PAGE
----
We made our way out of the woods and behind Hveragerði, through wide shallow rivers and past bright green fields. Eventually we reached the beginning of the Reykjadalur trail and it was time to let our horses stop to graze—something that Tónlist was overjoyed about. 

Nature Bath

The trail up to the hot springs and hot river is rough and steep and I was amazed at our horses’ sure-footedness on the rocky terrain. We leaned forward in our saddles as we went uphill to make things easier, and admired how they are a natural fit for this landscape and topography. We reached the paddock around midday and from there it was just a short 15 minute hike to the hot river, past ominously bubbling mud springs and the ever-intensifying smell of egg. Reykjadalur is a popular trail these days and on a sunny day in August the river was packed with humans poaching themselves in the warm water. I am used to more bracing experiences of bathing in rivers so it took a while to get used to the bath-like temperatures, but lying in the middle of nowhere, hills rising up on either side, gently lapped by balmy waters—this is something I think I could get used to.

The route back to the stables was the same as before, with the added adrenaline of this time heading steeply downhill on the back of another creature. But as before, the horses were steadfast and nimble (something I can only dream of achieving on Icelandic mountains). Once we reached flatter ground again, we decided as a group that it was time to up the ante. As we all had some horse riding experience behind us, our tour leader was happy to let us take the horses for a short gallop. Tónlist and I, it turns out, share many of the same loves in life—eating, going home, and going everywhere as fast as possible. She took little encouragement to break into bracing gallop, and we came thundering up the hill ahead of the other riders and their more sluggish steeds. If you have never had the opportunity to ride a galloping horse before, I can only promise you that it is one of the most exhilarating experiences in the world.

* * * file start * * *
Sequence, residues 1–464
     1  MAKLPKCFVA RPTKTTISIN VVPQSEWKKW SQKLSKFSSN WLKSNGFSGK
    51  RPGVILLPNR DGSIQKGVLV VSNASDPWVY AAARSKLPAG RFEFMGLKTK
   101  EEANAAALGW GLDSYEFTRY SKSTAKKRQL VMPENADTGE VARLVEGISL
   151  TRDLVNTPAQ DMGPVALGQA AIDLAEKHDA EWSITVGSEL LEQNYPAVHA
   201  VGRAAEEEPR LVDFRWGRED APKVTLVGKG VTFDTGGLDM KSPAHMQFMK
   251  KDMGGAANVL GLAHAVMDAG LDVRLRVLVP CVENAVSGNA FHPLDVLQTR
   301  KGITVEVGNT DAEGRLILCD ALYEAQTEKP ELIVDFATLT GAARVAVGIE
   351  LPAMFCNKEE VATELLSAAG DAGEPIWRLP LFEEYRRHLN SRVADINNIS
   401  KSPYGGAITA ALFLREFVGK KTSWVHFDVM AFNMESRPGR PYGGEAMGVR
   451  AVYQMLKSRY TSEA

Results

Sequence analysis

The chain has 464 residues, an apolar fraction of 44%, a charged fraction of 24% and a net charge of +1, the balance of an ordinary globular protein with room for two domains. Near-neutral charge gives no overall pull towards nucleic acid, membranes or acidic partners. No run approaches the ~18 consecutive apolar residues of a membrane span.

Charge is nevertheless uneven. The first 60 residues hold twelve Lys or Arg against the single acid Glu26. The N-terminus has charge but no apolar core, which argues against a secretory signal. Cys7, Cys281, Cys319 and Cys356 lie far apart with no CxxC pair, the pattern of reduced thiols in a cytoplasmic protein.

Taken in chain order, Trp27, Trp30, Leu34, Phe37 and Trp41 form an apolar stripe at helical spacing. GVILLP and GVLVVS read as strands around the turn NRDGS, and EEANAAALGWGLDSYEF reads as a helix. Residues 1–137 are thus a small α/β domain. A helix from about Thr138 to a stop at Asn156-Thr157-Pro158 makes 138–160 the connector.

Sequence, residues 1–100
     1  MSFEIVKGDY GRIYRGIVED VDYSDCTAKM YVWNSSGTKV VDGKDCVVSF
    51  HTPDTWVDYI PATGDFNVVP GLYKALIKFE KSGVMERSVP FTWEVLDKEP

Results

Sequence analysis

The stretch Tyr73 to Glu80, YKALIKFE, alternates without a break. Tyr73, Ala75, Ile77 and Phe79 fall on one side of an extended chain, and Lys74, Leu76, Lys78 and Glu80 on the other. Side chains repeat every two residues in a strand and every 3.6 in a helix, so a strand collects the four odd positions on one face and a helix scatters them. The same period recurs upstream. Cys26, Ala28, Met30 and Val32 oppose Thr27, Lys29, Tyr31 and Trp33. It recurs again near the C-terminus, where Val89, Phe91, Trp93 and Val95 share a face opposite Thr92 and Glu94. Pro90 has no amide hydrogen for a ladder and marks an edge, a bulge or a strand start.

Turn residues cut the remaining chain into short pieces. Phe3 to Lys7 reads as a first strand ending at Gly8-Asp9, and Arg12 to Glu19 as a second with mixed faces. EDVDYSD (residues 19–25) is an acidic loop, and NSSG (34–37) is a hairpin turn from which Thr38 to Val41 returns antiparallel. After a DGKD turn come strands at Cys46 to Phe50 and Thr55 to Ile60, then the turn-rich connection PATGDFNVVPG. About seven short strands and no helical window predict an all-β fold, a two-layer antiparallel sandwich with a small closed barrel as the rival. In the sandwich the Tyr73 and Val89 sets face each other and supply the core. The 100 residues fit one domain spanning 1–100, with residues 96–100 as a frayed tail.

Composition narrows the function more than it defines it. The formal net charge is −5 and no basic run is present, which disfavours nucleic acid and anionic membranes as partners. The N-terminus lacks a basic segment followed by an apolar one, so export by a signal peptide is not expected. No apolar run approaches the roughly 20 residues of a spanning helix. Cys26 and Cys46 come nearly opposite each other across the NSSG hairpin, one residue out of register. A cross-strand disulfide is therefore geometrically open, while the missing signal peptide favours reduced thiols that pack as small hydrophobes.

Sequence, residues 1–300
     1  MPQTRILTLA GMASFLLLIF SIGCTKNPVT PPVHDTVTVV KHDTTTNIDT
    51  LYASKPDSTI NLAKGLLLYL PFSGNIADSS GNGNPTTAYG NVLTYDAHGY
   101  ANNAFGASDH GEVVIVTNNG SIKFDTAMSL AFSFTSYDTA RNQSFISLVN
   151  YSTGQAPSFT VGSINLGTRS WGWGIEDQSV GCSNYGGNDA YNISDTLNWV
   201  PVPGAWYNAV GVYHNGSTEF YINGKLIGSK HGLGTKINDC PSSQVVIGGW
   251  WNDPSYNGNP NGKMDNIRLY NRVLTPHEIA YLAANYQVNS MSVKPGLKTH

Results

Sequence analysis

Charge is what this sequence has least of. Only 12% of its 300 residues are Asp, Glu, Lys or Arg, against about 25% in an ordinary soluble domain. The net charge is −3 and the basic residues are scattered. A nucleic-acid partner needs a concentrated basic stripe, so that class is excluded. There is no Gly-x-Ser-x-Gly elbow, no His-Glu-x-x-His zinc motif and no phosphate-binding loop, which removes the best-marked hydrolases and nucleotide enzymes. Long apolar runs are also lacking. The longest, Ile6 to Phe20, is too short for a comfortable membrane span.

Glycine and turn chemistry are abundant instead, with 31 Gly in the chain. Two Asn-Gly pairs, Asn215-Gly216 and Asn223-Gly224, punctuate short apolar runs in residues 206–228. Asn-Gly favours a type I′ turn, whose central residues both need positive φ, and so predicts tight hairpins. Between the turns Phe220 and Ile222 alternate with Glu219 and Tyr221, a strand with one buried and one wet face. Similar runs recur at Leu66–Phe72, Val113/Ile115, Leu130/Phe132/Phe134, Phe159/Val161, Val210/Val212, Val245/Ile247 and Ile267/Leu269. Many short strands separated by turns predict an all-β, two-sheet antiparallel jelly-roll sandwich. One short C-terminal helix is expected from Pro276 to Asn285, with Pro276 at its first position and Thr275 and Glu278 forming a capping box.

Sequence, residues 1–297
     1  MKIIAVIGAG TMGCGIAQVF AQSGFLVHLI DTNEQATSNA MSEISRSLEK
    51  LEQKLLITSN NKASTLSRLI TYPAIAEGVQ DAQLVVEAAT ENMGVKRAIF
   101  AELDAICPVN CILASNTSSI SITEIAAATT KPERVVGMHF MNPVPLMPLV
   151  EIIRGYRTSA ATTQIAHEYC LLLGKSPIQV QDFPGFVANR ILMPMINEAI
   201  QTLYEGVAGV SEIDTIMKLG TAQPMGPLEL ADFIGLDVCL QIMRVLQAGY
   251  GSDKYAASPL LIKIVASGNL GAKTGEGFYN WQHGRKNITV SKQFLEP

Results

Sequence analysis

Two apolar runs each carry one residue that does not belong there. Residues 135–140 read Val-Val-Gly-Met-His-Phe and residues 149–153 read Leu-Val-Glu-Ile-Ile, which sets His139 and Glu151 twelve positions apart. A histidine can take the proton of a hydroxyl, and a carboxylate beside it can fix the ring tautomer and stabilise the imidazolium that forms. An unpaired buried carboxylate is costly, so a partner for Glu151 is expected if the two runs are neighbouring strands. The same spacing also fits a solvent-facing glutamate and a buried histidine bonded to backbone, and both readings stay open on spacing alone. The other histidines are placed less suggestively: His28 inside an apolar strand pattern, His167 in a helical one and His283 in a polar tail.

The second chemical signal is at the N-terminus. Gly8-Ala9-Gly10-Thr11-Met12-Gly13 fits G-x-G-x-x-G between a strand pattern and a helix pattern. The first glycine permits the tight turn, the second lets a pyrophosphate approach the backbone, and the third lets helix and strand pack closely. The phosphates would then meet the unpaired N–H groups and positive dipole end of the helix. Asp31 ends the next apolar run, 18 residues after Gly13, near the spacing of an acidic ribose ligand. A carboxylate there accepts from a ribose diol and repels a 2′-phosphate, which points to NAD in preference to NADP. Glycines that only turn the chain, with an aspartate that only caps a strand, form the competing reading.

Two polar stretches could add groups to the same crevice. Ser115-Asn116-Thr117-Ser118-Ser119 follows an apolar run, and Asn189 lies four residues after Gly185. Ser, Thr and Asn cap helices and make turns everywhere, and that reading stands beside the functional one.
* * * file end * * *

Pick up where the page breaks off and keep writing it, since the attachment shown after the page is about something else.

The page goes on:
We arrived back into the yard and I bade farewell to Tónlist—she was busy trying to maneuver her way over to another patch of grass and wasn’t the slightest bit interested—and it was time for home.

In the foreword for the re-printed edition of Letters From Iceland, published more than 20 years after the first, Auden mourns the loss of horses at every Icelandic farm. “I pictured to myself the pleasures of horseback riding in the afternoons. But the farmer had exchanged his ponies for a Land-Rover. Sensible of him, but disappointing for me. Today, ponies are confined to tourist centres and riding, I should imagine, has become an expensive luxury.”

While Auden was not entirely incorrect in his assumptions, he would have been pleased to see that half a century on, the Icelandic horse is as revered as ever, and that choosing to explore the country in this way remains as enchanting as ever.